HAVANA: Pope Francis began his trip to Cuba Saturday with a message of solidarity.
After his plane landed at Jose Marti International Airport in Havana, the Roman Catholic leader greeted the Cuban people by noting that this year is the 80th anniversary of the beginning of diplomatic relations between Cuba and the Vatican.
“Today, we renew these cooperative ties and friendship so that the church can continue to support and encourage the Cuban people in their hopes and concerns with the freedom, means and spaces necessary to carry the news of the Lord’s kingdom to the existential peripheries of society,” he said.
The pope arrived in Havana just before 4 p.m. to begin a 10-day trip that will span the island nation and United States as the two former Cold War enemies make the transition to normal relations.
Francis played a crucial role in thawing the relationship between the two countries when he appealed to President Barack Obama and Cuban leader Raul Castro last year and hosted delegations from each country to discuss rapprochement.
On Saturday, he pointed to the efforts to establish a new relationship between the two nations as “an example of reconciliation for the entire world.”
“For several months, we have witnessed an event that fills us with hope: the process of normalizing relations between two nations after years of estrangement,” he said. “I urge political leaders to persevere on this path and to develop all its potentialities.”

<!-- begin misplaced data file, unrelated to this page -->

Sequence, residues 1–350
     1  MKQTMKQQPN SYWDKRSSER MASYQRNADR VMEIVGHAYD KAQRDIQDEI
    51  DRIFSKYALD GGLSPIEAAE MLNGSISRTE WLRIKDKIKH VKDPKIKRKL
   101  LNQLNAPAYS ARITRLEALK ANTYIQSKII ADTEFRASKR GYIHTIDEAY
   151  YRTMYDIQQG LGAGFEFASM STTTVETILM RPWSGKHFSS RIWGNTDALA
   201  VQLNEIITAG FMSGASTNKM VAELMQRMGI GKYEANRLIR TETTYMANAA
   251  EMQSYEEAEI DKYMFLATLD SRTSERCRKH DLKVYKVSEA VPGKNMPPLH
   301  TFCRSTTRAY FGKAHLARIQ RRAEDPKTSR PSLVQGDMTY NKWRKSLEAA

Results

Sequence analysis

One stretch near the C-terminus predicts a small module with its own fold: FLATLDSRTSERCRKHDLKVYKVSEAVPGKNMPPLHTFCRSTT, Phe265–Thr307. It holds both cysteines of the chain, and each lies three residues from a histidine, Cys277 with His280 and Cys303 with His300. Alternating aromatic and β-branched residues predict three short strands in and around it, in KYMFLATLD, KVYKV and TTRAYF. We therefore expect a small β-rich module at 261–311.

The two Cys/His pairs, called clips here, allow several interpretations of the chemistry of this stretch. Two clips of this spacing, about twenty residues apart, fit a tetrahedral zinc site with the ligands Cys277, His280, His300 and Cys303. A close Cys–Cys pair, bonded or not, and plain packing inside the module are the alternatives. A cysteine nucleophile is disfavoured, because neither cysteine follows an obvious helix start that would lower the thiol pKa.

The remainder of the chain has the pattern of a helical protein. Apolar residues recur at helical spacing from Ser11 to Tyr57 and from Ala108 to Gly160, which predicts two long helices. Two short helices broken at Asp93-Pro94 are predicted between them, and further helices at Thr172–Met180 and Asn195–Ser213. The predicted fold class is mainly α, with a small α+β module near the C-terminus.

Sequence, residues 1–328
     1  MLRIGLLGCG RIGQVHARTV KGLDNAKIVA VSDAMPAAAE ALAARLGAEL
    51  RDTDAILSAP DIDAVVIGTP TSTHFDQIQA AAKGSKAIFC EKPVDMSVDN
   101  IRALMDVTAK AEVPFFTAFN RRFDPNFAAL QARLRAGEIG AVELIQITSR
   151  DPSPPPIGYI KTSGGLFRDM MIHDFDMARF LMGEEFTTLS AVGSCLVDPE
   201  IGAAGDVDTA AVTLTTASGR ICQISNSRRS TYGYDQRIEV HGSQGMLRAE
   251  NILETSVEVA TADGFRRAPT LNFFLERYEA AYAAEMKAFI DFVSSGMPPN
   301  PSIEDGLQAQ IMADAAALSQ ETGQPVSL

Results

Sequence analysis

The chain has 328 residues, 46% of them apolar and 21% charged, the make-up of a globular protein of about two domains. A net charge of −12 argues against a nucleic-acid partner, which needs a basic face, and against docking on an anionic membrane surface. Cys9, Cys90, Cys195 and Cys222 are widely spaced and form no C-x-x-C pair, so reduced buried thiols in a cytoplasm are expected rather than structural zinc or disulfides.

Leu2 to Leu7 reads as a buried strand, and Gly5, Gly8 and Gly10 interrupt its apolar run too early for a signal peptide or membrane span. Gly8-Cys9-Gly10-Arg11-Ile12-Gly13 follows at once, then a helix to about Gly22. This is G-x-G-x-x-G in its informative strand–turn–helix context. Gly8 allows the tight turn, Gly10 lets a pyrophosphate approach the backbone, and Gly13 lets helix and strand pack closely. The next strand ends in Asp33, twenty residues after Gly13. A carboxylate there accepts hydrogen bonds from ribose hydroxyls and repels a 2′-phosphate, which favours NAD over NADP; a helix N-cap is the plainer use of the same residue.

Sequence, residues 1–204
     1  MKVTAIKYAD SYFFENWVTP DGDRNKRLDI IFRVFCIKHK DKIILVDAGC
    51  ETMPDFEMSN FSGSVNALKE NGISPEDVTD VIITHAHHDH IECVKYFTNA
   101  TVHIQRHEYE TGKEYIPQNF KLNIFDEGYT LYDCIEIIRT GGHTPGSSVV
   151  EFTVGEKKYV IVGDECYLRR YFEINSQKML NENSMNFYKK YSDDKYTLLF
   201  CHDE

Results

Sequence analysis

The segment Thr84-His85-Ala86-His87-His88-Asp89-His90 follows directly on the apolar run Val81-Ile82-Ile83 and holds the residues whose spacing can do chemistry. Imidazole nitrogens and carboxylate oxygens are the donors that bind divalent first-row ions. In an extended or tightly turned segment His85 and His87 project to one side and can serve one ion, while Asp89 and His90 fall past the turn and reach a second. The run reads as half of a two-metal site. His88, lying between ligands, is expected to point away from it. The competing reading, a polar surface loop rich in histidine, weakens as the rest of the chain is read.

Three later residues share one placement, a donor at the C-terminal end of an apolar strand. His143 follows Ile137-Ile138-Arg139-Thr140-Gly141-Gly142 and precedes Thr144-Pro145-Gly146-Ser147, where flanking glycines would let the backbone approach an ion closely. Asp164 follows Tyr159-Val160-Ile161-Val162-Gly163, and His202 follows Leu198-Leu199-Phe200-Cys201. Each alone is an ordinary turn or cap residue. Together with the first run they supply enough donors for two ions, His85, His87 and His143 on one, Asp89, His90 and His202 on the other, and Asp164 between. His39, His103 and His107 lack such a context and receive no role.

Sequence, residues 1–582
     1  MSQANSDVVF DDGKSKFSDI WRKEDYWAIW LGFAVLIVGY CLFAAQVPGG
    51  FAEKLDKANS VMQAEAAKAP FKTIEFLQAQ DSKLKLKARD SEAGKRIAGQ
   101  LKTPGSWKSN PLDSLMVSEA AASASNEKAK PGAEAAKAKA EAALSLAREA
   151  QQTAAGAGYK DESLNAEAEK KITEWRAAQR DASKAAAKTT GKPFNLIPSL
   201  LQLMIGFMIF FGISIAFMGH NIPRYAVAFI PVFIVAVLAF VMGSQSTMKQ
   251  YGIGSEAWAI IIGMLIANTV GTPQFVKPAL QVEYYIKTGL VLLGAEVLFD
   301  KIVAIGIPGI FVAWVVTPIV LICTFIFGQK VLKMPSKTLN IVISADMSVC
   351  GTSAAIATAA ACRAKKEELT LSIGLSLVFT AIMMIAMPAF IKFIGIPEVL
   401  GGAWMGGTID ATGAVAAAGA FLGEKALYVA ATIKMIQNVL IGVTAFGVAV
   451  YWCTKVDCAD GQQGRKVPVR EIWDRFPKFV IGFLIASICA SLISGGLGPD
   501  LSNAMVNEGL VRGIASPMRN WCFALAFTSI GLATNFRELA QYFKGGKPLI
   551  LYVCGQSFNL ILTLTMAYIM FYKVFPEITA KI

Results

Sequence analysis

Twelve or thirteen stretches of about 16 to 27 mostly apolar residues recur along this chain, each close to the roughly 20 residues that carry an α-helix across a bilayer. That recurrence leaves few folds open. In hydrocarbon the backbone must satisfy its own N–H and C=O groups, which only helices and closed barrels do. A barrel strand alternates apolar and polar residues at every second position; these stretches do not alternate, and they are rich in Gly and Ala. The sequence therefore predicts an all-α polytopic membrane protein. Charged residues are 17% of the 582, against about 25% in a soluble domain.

Moments after taking his first step onto Cuban soil, Francis was greeted by a small group of children carrying flowers.
Dressed in white, the children spent several minutes talking with the pope, who hugged them before continuing down a red carpet alongside Castro to their seats.
After a welcome ceremony at which a military brass band played the Cuban national anthem, Castro gave his welcome before the pope spoke. In his speech, Castro repeated calls for the U.S. to end its economic embargo of the island and for the return of Guantanamo Naval Station.
Castro said he shared the pope’s criticism of the global economic system, saying it has “turned money into its idol.”
The Cuban leader also echoed the pope’s concerns on climate change, and he thanked the pope for mediating discussions between Cuba and the U.S. Castro indicated he will be in New York next week when the pope speaks before the United Nations General Assembly.
“The re-establishment of relations has been a first step in the process toward normalization of the relationship between the two countries, which will require resolving problems and correcting injustices,” he said.
In Cuba, Francis will visit three Cuban cities –– Havana, Holguin and Santiago –– and El Cobre, an old copper-mining town outside Santiago where he will deliver the homily during a Mass celebrated at the shrine.
Thousands lined Havana’s streets to cheer as the pope’s motorcade drove by, many waving small Cuban and Vatican flags. Francis waved and smiled at the crowd, which cheered him from the airport to the home of the Vatican’s ambassador, where the pope was staying during his time in Havana.